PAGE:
WASHINGTON – Nearly two years after a Wall Street meltdown left the economy reeling, the House on Wednesday passed a massive overhaul of financial regulations that would extend the government’s reach from storefront thrifts to the executive suites of Manhattan.

Senate support for the far-reaching bill remained in flux, however. The Senate was forced to delay its vote to mid-July, denying President Obama a victory before Independence Day. Democrats struggled to secure the votes of a handful of Republican senators even after meeting their demands and backing down on a $19 billion tax on big banks and hedge funds.

The legislation, swelling to more than 2,000 pages, would rewrite the nation’s regulatory books and put the entire financial system on a risk watch in hopes of thwarting the next threat of a financial crisis.

Obama hailed the vote as “a victory for every American who has been affected by the recklessness and irresponsibility that led to the loss of millions of jobs and trillions in wealth.”

The 237-192 House tally fell along party lines but attracted more support than in December when no Republicans voted for the House version of the bill.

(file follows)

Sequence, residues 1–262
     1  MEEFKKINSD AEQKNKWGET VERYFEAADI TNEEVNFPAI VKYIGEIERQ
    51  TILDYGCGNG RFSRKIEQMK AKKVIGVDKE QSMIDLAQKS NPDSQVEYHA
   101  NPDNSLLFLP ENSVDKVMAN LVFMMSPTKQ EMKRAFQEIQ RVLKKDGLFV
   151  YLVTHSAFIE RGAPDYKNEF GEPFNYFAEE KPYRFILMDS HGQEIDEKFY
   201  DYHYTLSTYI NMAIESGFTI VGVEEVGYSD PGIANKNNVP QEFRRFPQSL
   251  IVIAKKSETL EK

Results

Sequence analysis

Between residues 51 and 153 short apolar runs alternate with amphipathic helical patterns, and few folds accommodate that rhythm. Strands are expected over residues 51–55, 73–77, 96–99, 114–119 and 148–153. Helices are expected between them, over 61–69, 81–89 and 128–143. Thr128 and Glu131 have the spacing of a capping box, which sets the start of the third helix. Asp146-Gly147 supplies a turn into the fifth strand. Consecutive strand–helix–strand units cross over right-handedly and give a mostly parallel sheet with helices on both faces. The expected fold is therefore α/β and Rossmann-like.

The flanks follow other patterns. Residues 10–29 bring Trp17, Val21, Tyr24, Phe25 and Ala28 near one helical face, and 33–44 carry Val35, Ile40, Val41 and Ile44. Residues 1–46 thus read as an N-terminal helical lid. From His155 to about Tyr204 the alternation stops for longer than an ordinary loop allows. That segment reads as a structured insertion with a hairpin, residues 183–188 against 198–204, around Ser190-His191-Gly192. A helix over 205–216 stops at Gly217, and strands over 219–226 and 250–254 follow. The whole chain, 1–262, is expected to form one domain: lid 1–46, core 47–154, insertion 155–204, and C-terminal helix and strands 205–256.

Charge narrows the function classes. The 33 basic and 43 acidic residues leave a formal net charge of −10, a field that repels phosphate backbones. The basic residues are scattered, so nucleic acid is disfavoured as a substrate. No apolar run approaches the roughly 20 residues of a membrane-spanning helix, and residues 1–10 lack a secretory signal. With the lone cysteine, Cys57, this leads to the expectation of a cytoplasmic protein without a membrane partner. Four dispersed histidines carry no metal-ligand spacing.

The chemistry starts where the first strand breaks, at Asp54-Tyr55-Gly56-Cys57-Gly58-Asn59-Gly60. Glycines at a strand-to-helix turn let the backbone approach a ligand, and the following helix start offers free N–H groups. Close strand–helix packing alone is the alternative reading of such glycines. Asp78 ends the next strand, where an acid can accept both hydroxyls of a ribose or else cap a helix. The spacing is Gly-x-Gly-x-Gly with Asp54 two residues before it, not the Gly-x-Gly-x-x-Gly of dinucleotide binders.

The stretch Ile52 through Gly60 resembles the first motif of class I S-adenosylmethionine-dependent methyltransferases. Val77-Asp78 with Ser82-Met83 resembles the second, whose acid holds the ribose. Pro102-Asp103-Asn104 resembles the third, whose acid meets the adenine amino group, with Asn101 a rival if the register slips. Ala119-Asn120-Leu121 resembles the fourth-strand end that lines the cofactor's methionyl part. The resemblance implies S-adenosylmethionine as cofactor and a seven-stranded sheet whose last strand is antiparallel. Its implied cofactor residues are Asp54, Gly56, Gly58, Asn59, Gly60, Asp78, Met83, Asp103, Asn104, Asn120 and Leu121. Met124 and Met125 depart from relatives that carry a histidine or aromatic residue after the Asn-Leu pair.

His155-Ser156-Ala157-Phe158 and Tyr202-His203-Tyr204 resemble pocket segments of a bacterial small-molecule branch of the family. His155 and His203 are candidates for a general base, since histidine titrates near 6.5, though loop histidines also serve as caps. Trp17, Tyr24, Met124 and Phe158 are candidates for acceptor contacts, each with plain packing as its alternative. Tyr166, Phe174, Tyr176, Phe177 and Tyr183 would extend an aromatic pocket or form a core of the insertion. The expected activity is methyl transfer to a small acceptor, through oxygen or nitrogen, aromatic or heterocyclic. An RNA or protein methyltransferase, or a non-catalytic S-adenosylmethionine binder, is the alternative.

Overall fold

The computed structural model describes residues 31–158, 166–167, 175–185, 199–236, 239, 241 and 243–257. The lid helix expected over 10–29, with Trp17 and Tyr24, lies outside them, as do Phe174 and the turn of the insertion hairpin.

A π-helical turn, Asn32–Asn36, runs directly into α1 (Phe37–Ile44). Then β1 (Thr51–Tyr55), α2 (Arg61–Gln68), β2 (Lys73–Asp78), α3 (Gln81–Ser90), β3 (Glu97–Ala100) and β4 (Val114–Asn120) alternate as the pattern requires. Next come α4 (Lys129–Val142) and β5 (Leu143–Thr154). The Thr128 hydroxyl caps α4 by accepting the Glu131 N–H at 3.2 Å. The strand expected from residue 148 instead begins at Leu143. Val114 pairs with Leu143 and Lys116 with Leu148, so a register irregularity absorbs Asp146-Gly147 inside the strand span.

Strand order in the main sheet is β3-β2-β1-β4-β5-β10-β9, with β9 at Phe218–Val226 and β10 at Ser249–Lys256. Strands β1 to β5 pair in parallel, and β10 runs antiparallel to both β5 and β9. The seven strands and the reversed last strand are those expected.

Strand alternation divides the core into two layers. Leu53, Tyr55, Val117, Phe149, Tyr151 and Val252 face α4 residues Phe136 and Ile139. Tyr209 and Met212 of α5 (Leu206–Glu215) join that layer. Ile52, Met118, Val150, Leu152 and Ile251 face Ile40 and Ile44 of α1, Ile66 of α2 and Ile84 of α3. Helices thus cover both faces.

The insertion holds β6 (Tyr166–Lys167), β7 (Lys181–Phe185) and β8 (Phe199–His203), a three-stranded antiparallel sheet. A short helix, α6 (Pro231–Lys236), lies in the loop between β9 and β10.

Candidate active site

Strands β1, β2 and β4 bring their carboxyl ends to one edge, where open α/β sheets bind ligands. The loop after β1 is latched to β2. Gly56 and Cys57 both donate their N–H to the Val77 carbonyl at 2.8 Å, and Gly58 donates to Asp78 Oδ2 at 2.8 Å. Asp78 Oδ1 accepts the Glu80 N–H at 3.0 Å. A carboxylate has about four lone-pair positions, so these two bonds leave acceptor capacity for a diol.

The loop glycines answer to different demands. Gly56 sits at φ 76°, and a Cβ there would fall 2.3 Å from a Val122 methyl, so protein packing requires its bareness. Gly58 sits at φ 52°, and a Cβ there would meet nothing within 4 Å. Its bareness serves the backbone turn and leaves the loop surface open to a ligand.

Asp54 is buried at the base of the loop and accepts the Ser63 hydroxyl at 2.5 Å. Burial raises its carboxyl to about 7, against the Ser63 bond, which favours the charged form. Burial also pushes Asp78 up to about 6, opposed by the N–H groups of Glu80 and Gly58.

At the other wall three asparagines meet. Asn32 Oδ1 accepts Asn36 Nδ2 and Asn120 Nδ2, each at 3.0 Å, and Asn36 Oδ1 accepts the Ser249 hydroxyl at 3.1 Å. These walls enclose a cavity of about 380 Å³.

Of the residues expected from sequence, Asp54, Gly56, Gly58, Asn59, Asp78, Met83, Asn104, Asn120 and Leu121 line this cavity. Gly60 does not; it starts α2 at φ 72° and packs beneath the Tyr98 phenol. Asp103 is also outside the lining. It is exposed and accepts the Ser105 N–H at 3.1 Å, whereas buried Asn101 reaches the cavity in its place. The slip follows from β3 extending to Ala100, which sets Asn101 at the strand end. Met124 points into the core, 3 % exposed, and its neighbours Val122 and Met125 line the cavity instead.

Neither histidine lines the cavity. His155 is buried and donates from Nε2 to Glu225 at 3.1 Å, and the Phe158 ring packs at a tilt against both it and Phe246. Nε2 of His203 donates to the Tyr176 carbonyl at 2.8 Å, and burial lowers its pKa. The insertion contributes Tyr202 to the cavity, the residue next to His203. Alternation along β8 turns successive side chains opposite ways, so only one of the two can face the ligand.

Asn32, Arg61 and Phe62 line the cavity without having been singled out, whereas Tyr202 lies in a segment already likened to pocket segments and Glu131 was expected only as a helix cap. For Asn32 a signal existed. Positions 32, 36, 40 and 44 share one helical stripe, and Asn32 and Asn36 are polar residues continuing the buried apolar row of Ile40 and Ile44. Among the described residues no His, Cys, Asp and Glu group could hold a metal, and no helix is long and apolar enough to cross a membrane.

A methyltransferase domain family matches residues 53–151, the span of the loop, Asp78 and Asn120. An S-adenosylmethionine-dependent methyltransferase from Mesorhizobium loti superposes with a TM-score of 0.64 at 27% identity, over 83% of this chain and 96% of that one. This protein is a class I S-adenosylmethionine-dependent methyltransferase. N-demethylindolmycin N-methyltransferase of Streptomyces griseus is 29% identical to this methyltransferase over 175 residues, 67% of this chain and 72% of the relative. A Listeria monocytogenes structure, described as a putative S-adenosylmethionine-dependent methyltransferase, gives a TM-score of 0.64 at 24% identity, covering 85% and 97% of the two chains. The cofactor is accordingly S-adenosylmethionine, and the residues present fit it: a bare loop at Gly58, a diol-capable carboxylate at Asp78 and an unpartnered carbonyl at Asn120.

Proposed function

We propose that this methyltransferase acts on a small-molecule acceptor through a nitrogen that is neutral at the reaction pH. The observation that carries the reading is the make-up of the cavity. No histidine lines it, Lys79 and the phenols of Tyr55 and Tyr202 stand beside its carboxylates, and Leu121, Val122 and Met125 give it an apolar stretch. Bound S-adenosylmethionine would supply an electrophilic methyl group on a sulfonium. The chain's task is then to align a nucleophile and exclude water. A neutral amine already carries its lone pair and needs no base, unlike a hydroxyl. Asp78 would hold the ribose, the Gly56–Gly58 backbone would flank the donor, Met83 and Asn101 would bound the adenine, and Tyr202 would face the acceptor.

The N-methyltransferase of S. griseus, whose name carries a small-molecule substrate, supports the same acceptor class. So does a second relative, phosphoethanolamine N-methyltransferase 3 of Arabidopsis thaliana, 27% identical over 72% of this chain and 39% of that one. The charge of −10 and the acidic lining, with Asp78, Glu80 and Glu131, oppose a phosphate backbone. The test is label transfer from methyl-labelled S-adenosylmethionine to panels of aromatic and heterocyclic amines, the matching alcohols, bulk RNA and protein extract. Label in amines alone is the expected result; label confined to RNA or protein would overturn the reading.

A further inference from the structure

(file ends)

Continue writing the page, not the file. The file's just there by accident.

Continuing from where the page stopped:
Republicans portrayed the bill as a vast overreach of government power that would do little to prevent future bailouts of failing financial institutions. They complained that it failed to place tighter restrictions on Fannie Mae and Freddie Mac, the mortgage giants forced into huge federal bailouts after their questionable lending helped trigger the housing and economic meltdowns.

“This legislation … purports to prevent the next financial crisis, but it does so by vastly expanding the power of the same regulators who failed to stop the last one,” said Rep. Eric Cantor of Virginia,

Only three Republicans voted for the bill: Joseph Cao of Louisiana, Mike Castle of Delaware and Walter Jones of North Carolina. Nineteen Democrats voted against it.

House and Senate negotiators were forced to reconvene Tuesday to remove a $19 billion tax on large banks and hedge funds, hoping to overcome objections from Sens. Scott Brown, Susan Collins and Olympia Snowe, all Republicans.

Democratic Sens. Barney Frank, Chris Dodd and Obama administration officials then scrambled to drop the tax and devise another means of financing the bill.

In the end, House and Senate negotiators, voting along party lines, agreed to pay for the bill with $11 billion generated by ending the unpopular Troubled Asset Relief Program.